With shareholders having more say on executive compensation than ever before, companies have been forced to reevaluate and in some cases overhaul existing executive pay schemes in response to external pressure. Based on interviews with 25 corporate counsel, corporate secretaries, and heads of investor relations at North American firms, Toppan Merrill’s Market Pulse: Executive Compensation examines the ways in which companies are seeking to navigate this changing landscape.
To find out how the executive compensation landscape is evolving, Toppan Merrill commissioned Mergermarket to survey corporate respondents in North American firms for their insights.
Say on Pay has challenged companies to navigate shareholder relations in new ways since its establishment nearly a decade ago, and some actually credit the rules for improving shareholder relations overall. Yet respondents remain split when it comes to Say on Pay’s true value: 44% believe the rules to be disruptive; 24% view them as beneficial; and 32% are neutral.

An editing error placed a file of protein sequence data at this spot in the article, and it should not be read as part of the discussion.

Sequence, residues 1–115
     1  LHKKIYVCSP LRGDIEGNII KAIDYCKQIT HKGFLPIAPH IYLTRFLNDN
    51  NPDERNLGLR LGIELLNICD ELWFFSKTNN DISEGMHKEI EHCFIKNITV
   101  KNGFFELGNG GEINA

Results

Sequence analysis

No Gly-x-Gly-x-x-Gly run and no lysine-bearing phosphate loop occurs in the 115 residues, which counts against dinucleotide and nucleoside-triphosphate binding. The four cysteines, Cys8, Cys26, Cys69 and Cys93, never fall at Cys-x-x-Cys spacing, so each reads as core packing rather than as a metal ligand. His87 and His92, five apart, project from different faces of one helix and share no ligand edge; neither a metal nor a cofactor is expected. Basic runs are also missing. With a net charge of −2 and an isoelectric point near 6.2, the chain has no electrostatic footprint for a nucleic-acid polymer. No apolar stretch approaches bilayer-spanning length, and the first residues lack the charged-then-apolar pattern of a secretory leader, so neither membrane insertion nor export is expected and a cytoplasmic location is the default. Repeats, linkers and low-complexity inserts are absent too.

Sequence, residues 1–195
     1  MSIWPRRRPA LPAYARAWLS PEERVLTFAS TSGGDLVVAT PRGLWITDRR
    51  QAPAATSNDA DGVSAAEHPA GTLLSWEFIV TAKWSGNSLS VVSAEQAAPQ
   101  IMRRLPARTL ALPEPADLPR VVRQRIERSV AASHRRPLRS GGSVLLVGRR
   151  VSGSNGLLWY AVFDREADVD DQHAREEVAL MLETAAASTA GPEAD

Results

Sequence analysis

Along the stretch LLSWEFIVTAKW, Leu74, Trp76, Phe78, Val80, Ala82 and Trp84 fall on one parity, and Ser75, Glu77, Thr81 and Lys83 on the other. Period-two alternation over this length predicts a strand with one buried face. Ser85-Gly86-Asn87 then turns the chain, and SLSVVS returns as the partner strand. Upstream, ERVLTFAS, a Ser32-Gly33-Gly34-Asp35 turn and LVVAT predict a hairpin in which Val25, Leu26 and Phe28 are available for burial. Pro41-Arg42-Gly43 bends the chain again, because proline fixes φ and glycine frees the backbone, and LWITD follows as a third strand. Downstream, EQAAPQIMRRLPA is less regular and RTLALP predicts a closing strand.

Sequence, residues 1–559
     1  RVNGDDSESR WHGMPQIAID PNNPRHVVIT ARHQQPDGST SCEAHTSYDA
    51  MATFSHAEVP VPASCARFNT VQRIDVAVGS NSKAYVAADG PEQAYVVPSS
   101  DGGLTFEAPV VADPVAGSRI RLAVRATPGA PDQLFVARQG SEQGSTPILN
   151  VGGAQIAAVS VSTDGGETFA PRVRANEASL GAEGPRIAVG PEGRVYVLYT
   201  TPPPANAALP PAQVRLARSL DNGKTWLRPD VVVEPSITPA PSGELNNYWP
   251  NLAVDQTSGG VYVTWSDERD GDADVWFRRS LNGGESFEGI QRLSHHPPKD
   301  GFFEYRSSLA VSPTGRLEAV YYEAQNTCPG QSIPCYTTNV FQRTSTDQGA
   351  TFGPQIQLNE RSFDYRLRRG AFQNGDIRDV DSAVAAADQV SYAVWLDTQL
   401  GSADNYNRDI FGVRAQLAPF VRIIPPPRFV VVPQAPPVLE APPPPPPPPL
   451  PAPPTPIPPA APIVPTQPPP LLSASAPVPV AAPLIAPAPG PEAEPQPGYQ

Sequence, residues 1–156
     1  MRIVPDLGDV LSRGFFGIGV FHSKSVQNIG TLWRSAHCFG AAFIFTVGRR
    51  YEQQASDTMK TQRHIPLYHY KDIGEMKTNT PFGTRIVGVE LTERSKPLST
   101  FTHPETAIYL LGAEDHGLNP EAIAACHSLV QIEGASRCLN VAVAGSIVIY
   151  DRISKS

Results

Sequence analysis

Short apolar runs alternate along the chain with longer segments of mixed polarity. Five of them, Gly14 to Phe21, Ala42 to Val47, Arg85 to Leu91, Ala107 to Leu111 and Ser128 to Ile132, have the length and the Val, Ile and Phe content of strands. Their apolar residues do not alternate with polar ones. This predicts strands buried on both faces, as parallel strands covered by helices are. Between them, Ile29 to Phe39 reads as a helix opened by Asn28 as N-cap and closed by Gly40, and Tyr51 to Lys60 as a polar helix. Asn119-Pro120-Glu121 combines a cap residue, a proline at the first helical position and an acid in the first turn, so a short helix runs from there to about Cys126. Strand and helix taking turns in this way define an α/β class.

In attempting to address Say on Pay within their proxies, all respondents say they choose to engage consultants while close to half (48%) subscribe to peer group activities.
There has been considerable debate as to whether Say on Pay is effectively influencing executive compensation trends and keeping leadership accountable for performance. A 2018 study by the Harvard Law School Forum on Corporate Governance & Financial Regulation suggests that Say on Pay has indeed helped to address a time-tested problem, which is that company directors have historically done a poor job of aligning executive pay with performance. But Say on Pay itself has flaws: most notably, its tendency to encourage short-term thinking and its potential to be misinformed and unfair to leadership. These issues notwithstanding, one respondent says that after some initial growing pains, Say on Pay has ultimately “proved beneficial” in helping all parties come to a “mutual understanding” of how executive pay is calculated. Another respondent says the rules have forced leadership to get creative in determining pay structures that are “feasible to shareholders, but not completely demotivating for CEOs.”